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Sunday, August 1, 2010

Review: The Stillburrow Crush by Linda Kage

When I'm trying to find a book to read, I usually have a simple criteria for choosing.

One is the summary. Usually when I read the summary and it hits me as very interesting, I add it up in my to-read shelf, no questions asked. Summary is very important because it gives the readers an idea of what the book is about.

Two is the title. The catchier, the better. It doesn't matter if its one word, or a short phrase, as long as it catches the reader's attention.

Three, and ultimately, what makes me sure of reading the book, is the cover. I like to read books with really good covers. Nothing flashy, but something that also helps the reader give an idea of what the book is all about.

Truthfully, Linda Kage's The Stillburrow Crush fails in two of my three criterias. Okay, so the title made me curious a bit, but no offense to whoever created the cover of the book, it didn't even convey half of what the book is all about. Still, I gave it a try, and boy was I in for a surprise.

I think of this book as my luckiest find for the year. No other book has topped it in my list (though Jackson Pearce's As You Wish is a close second).

Title: The Stillburrow Crush
Author: Linda Kage
Pages: 202


16 year old Carrie Paxton lives in the small town of Stillburrow. Her life is all about writing, serving as the editor-in-chief of their school, and also, the town's newspaper.

When she was assigned to write an article about Luke Paxton, the popular star of the town's football team, Carrie finds herself falling for him hard and fast. And suddenly she hates her non-popular status. When Luke starts showing interest in her, Carrie couldn't believe it. Is it possible for the popular quarterback to like a nobody like her?

Again, I ignored the very cliche summary and started reading the book, and a few pages into it, I knew I was in for a very pleasant surprise.

This was a novel with depth. It's an amazing story about a sassy, smart, and honest girl. Carrie is no damsel in distress who bats her eyelashes just to get the guy she wants. She's a strong, determined young lady who, like everyone else, has a lot of insecurities to deal with.

I loved it how the author not only focused on Carrie and her love life, but also her family and the issues they have to face. In a town as small as Stillburrow, everyone knows everything. Her mother got married young when she got pregnant with Carrie's older brother, Marty when she was in high school, and her father was the town's mechanic. Carrie felt that her social standing isn't enough for Luke who was the son of a banker.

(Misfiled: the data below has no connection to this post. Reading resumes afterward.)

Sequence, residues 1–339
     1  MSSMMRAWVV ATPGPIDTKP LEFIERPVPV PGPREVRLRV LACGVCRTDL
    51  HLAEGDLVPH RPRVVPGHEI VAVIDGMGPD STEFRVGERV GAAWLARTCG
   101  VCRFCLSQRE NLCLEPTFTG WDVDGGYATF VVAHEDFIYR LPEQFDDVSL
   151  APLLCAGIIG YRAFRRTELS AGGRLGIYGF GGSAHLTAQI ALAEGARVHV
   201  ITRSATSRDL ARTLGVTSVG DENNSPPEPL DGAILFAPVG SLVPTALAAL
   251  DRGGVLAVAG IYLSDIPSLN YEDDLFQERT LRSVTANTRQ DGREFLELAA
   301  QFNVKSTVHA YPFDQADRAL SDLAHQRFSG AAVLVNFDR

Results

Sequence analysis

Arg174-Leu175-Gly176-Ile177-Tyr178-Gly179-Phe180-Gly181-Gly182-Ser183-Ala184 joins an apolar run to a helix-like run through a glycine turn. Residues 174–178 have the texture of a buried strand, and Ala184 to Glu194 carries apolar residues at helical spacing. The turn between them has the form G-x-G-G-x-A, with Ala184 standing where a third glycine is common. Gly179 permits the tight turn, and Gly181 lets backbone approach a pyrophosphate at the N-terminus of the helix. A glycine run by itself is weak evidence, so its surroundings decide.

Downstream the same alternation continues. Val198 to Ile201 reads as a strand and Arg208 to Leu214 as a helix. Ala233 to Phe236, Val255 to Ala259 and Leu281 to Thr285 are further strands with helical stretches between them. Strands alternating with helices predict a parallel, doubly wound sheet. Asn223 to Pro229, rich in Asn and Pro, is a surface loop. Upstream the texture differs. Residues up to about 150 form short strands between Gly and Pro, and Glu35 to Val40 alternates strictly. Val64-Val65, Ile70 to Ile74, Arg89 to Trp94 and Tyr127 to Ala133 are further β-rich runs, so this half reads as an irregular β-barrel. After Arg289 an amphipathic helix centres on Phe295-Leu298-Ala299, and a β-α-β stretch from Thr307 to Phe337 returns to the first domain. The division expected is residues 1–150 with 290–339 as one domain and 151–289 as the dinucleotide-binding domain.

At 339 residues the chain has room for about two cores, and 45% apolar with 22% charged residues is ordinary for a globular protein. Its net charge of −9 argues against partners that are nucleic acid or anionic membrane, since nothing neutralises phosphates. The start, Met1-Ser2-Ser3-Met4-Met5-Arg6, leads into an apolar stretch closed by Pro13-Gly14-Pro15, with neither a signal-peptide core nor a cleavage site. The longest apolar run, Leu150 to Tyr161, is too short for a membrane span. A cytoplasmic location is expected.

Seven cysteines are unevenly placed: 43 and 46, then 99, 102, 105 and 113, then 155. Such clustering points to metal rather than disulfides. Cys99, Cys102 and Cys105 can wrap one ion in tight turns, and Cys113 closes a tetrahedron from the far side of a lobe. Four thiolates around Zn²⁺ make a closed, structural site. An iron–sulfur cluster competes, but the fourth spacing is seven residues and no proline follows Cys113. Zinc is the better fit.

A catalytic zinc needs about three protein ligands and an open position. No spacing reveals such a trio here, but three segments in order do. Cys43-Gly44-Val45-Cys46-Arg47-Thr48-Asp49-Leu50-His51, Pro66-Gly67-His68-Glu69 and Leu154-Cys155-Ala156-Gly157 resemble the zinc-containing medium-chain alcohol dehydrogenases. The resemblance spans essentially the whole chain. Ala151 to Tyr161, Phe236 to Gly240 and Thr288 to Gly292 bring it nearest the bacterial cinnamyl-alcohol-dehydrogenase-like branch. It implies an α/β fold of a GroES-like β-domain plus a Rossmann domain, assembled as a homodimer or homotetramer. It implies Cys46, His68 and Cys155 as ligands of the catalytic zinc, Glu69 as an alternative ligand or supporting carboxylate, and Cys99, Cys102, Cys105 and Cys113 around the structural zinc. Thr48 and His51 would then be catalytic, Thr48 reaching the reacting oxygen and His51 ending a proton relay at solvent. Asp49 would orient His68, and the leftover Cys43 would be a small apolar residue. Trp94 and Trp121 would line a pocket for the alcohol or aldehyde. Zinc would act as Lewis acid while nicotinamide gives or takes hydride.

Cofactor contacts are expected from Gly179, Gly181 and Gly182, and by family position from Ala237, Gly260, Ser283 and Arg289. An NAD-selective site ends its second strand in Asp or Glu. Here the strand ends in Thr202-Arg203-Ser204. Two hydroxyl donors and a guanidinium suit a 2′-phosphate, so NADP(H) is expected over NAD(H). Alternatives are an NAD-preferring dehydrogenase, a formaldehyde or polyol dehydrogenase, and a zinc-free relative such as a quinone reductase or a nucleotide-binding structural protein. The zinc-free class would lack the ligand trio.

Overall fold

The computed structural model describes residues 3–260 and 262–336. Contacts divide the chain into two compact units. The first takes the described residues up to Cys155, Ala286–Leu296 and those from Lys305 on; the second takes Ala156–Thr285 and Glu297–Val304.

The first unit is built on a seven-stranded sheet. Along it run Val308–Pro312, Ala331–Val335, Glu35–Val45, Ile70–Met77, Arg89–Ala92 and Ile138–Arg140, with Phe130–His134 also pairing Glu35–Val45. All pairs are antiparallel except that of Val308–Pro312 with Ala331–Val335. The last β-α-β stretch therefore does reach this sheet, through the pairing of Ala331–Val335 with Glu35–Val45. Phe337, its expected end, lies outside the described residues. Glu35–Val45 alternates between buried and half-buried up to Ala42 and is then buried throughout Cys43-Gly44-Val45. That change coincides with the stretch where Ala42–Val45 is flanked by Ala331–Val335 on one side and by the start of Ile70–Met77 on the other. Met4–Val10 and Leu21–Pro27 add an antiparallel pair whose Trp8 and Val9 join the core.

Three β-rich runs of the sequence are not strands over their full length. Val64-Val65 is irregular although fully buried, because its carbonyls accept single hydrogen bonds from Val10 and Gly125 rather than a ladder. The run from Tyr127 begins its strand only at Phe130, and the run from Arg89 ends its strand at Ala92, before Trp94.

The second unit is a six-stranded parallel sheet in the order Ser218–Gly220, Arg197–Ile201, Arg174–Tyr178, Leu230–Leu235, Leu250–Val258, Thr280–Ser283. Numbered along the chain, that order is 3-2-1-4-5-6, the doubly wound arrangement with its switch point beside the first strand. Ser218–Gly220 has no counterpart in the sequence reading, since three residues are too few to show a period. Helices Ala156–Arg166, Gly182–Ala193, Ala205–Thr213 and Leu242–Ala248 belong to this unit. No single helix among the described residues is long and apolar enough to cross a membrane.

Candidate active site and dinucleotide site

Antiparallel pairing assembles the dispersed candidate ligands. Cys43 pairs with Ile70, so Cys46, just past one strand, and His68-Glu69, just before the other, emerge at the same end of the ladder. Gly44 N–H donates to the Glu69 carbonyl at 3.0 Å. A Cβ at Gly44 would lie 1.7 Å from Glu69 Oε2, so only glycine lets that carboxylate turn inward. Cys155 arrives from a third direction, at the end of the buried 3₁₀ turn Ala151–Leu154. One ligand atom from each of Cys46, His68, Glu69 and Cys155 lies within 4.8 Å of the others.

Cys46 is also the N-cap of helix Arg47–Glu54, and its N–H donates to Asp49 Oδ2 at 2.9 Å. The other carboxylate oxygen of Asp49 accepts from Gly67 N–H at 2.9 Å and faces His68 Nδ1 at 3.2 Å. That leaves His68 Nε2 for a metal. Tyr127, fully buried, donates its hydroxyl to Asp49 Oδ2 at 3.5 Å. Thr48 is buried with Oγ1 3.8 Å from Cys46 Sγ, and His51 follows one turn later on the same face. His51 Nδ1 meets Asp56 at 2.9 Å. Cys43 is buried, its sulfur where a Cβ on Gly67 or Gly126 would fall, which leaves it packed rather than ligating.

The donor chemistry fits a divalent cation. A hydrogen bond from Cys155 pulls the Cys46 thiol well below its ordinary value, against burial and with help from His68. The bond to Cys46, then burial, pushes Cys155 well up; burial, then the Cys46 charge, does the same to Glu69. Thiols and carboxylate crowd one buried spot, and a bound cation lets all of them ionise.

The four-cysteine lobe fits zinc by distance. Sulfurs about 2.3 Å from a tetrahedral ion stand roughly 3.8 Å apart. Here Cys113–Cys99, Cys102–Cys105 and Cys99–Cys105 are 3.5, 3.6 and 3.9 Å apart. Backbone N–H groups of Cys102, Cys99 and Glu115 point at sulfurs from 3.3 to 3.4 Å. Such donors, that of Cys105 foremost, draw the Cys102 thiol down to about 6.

For Carrie, Luke is the guy who has everything. Handsome, smart, popular and rich, he was the complete opposite of Carrie. I especially liked the way Linda Kage molded Luke's character. There was more to him than just being the football star, the town hero. He didn't want to be just a jock, like what everyone seem to think, but instead be what he really wants to be, a poet. It was unbelievable how a guy who seems so perfect feel so uncertain about his own life and the path he wants to take, afraid to make the first step. And Carrie helped him through that.

For me, there was a special kind of love that had blossomed between Carrie and Luke, each one facing difficult issues and despite all the uncertainties, the insecurities and the countless obstacles they might face, they gave each other a chance.

On top of all the issues her family is having, Carrie's older brother, Marty, had issues and problems of his own to face. His relationship with Abby Eggrow was something Carrie was afraid of. With Marty seemingly uncertain where his life was headed, Carrie felt that Marty couldn't afford to have a relationship, let alone a successful one, with the daughter of their school director. And their mother, deep down, is afraid that Marty will commit the same "mistake" she did when she was young. My heart wept for Marty, and for the baby he had lost, for the girl he had lost. Things happen for a reason, and sometimes, death opens our eyes, makes us realize a lot of things, and brings us closer to the ones we love.

These are real issues they were facing. Its about family, love and acceptance of what we really are. The characters felt real, their emotions mirroring those that we feel. Linda Kage has written a marvelous story about love and the choices we make that shapes our lives.

From the bottom of my heart, I had rooted for Carrie and Luke to end up together. It was natural for her to be afraid of what his parents would say, and it was also natural for Luke to think of what his friends have to say about him and Carrie. It's reality. But they were able to overcome that and there were very nice surprises that greeted them in the end. In the end, things worked out the way they were supposed to.

Luke Carter was destined for great things. And he was going to be by my side through them all.
He'd turned me, Carrie Paxton—the Nobody of Stillburrow—into Carrie Paxton, editor of the school paper.

And he was going to turn Stillburrow—a dead-end town in the middle of nowhere—into the childhood city of a famous poet.

It's a perfect ending for an equally mesmerizing novel.

Seriously, everyone, give this book a try. I guarantee you won't regret reading this.

Rating: ★★★★★ : AWESOMENESS! MOAR! MOAR! - I can't believe such a book exists!


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